3. Rene Rodriguez, C, 11.67 110-meter hurdles 3. Codi Vermillion, C, 19.95 4. Chance Stevenson, MV, 20.54 400-meter dash 1. Houk, MV, 54.64 2. Hamlin, MV, 55.70 800-meter run 1. Bolinger, MV, 2:21.54 6. Mike Armstrong, C, 2:30.81 4x400-meter relay 4. MV (Miller, Mike Beggs, Newman, Bolinger), 4:21.64 4x100-meter relay 3. MV (Garrett Booth, Gonzales, Stevenson, Houk), 46.79 300-meter hurdles 2. Gonzales, MV, 44.71 3. Dylan Sedlak, C, 45.24 200-meter dash 2. Rodriguez, C, 24.64 3200-meter run 4. Stevenson, MV, 12:18.42 Girls Team results 1. Pleasanton, 140; 6. Crest, 32; 8. Marmaton Valley, 9 Shot put 1. Kurston Gilliland, C, 39’11 3/4” 6. Krystal Cooper, C, 29’3 1/2” Discus 2. Gilliland, C, 96’9” Javelin 1. Gilliland, C, 113’ 5. Emily Frank, C, 79’ Triple jump 5. Ashtynn Louk, MV, 27’9” 6. Mackenzie Tynon, MV, 27’ 1/2” High jump 4. Tynon, MV, 4’4” 1600-meter run 5. Louk, MV, 6:36.79 4x100-meter relay 6. Crest, 59.96

Register/Richard Luken

Marmaton Valley High’s Mackenzie Tynon, left, and Crest High’s Kurston Gilliland compete at a track meet in Iola Monday. On Thursday, both were at the Three Rivers League Meet in Arma. Tynon took sixth in the triple jump while Gilliland was a three-time medalist for the Lady Lancers. She won the shot put and javelin while claiming the silver medal in the discus.

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302 LA R S IOL . WAS EGI STE A, K HIN Sar G R AN a SAS TON AD h St 667 VE 49 RT ansb ISI NG ury (6 DE PT. Fax 20) 36 (62 5-211 0) 3 1 65628 9 Sinc e 18 67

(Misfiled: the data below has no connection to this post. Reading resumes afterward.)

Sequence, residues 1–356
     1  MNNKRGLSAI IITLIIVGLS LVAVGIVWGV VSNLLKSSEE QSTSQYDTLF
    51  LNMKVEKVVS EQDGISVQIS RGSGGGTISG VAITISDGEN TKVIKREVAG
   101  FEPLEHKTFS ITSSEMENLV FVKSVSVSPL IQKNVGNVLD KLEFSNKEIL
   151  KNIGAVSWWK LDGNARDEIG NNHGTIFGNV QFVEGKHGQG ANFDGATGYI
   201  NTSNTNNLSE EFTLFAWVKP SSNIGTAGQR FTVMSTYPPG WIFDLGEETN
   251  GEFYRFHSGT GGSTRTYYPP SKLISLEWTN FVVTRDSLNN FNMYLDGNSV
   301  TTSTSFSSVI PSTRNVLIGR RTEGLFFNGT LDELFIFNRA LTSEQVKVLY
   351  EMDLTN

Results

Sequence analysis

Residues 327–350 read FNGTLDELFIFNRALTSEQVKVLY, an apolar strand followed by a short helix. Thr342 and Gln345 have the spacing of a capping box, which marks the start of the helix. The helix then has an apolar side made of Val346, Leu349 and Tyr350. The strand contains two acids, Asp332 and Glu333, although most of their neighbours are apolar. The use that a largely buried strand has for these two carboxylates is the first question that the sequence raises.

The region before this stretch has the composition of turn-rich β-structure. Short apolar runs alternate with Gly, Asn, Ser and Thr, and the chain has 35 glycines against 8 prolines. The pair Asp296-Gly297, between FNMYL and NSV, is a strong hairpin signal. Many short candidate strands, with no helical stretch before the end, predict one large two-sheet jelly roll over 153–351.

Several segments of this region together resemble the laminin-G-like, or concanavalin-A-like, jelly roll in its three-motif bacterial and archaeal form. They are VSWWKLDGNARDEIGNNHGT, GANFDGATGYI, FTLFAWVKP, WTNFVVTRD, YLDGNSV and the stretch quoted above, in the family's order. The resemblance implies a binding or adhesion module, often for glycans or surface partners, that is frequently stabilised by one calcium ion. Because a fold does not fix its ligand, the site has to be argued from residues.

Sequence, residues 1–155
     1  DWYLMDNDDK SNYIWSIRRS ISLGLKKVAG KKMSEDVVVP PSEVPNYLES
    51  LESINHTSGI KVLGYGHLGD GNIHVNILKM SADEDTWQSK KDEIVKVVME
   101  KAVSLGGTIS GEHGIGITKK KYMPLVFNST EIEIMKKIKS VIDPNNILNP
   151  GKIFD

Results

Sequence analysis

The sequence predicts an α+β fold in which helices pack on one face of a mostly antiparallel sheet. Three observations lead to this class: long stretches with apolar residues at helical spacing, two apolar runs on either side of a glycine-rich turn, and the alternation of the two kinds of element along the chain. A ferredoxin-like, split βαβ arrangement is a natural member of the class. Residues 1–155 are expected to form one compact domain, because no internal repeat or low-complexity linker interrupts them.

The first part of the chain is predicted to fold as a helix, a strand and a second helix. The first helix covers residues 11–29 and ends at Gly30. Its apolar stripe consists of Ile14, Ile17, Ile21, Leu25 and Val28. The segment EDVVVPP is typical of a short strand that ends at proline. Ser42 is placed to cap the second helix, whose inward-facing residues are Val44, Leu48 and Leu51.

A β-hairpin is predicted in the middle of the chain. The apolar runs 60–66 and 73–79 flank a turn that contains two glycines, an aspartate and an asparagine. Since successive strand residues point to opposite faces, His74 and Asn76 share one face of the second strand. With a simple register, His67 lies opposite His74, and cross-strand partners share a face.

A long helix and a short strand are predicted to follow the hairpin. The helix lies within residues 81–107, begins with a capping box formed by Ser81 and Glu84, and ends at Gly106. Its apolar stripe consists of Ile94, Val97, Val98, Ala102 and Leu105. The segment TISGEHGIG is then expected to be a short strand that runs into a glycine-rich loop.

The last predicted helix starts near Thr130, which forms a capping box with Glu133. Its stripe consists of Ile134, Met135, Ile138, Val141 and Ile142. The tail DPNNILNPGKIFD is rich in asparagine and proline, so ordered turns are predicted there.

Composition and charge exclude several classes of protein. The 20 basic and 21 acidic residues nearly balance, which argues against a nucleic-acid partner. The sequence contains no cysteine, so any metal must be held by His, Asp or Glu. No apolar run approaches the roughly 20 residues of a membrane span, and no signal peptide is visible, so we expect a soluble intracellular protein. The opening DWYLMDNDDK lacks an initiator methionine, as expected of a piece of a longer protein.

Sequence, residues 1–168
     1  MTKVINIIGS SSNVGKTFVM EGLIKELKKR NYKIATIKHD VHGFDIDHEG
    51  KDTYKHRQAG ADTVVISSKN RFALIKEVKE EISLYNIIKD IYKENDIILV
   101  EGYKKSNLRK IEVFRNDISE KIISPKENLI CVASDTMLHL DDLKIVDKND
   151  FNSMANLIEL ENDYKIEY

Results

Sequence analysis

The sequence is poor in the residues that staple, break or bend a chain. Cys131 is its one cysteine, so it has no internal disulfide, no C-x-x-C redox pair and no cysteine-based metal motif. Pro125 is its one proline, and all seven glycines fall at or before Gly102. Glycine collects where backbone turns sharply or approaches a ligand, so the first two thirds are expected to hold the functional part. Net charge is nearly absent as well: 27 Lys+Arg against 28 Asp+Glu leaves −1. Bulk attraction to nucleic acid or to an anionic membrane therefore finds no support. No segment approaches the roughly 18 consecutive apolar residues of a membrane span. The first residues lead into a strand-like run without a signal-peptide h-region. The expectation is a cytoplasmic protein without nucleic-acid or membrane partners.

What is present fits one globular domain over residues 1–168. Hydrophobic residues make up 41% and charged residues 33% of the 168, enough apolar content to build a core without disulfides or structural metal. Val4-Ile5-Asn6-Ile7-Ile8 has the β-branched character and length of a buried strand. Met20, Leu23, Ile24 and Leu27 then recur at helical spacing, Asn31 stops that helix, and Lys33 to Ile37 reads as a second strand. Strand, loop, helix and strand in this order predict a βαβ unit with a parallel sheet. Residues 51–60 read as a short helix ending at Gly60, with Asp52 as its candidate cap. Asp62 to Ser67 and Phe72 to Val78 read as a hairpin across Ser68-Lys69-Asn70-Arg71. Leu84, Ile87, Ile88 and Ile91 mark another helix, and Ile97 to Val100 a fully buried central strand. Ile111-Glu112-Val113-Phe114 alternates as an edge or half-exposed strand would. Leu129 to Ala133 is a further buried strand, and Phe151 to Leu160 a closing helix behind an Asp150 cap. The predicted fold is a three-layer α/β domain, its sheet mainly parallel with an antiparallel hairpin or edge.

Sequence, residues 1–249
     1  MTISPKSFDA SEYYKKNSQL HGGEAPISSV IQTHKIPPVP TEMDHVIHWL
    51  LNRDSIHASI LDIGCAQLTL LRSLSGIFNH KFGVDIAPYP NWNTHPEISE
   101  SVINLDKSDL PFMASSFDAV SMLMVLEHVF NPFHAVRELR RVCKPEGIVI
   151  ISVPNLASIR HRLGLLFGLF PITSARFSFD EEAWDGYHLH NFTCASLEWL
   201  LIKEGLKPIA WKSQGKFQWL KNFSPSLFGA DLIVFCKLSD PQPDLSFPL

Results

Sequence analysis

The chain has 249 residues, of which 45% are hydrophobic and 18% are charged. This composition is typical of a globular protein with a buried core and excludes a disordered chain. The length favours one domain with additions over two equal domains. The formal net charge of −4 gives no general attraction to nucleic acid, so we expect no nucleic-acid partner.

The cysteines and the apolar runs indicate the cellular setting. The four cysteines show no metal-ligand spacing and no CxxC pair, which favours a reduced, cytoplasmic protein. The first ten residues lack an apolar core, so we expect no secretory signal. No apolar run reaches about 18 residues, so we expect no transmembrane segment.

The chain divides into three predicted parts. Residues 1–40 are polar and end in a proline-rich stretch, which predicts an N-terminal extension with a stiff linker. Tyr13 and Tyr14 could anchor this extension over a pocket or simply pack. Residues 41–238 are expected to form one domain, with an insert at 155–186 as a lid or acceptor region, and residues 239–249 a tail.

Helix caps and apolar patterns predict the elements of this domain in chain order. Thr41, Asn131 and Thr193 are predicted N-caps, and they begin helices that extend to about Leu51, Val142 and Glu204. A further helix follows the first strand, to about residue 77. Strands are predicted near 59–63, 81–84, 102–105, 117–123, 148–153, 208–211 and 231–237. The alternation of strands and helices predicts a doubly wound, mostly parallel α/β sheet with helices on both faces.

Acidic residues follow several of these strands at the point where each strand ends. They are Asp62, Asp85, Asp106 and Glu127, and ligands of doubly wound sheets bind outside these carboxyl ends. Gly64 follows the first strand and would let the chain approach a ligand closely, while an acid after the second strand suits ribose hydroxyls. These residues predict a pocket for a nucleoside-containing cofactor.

Bolling’s Meat Market 201 S. State, Iola (620) 380-MEAT (6328)


Financing Now Available NO CREDIT CHECK Bad Credit - No Problem 1801 N. State, Iola Mon.-Sat. 10 to 5 (620) 365-6269

Best Selection of Fine Retail Meats

Miller’s Gas Body Shop

J-D’s Tire & Muffler, Inc.

C ollision    epair and  R  P ainting

511 S. S TATE S T . I OLA , KS

e treat your car right . . .  W  the first time! We guarantee it!

Complete Auto Care

Highway 54 in Gas (620) 365-6136 8 a.m.-5 p.m.  Mon.-Fri.  David (Duke) Miller, owner

Tire Sales & Service “ON THE FARM” TIRE SERVICE

Goodyear • Firestone • Bridgestone Toyo • Mastercraft • Cooper 620-365-3163 (Mechanic Shop) 620-363-4652 (Farm Service)



Steven R. Stanley David E. Yokum

109 E. Madison — Iola 1408 East St. (E. Hwy. 54) (620) 365-3176 • 1-800-505-6055 2 Lane Drive-Thru or Walk-In (620) 365-6848 • 1-888-365-6848 OPEN MON.-FRI. 9 A.M.-7 P.M.; SAT. 9 A.M.-5 P.M.

OPEN MON.-FRI. 8:30 A.M.-5:30 P.M.

302 S. Washington • Iola Call Kevin (620) 365-5861 or 365-2111

Deborah A. Taiclet, CISR (620) 365-7601





The Strong, Silent Disposer.

D & R PLUMBING & ELECTRIC, INC. 204 N. Washington • Iola (620) 365-2704

Iola Insurance Associates


Programs & Brochures


16 N. Buckeye Iola 365-2948



1327 W. Hwy. 54 Iola (620) 365-2200

4 Lots of storage units, various sizes 4 Boat & RV Storage building 4 Fenced – under lock & key – supervised 24/7 4 RV park for trailers and self-contained vehicles 4 Concrete pads & picnic tables 4 Ferrellgas propane sales 4 Laundry and Shower Facilities

Wanted: Scrap Metal

2 CONVENIENT LOCATIONS Home Owned & Operated


P.O Box 653 • 203 South Chestnut • Iola, Kansas 66749 E-mail:

Humboldt Helicopters Air Service

Jerry Daniels Owner/Pilot Humboldt, Kansas 620.473.2168 620.327.3272

I will buy & haul scrap metal & iron of all kinds... batteries, transmissions, electric motors, copper, brass, aluminum, radiators & more! Brian Stansbury



I will also clean up iron piles and fence rows.

NEW Country We also sell & repair Clipper ZTR Chainsaws • Weedeaters Up Flip CK DE

We also carry

New & Used Mowers

H&H Small Engine Repair 1107 N. 9th • Humboldt 620-473-3000 Mon.-Fri. 7-5; Sat. 7-12

If you want your business to GROW, call


to join the Business Card page!

Appears 6 times per mo. at $100 per mo. or buy 3 mo. for $200 prepaid

Saturday, May 11, 2013

The Iola Register


H Track Continued from B1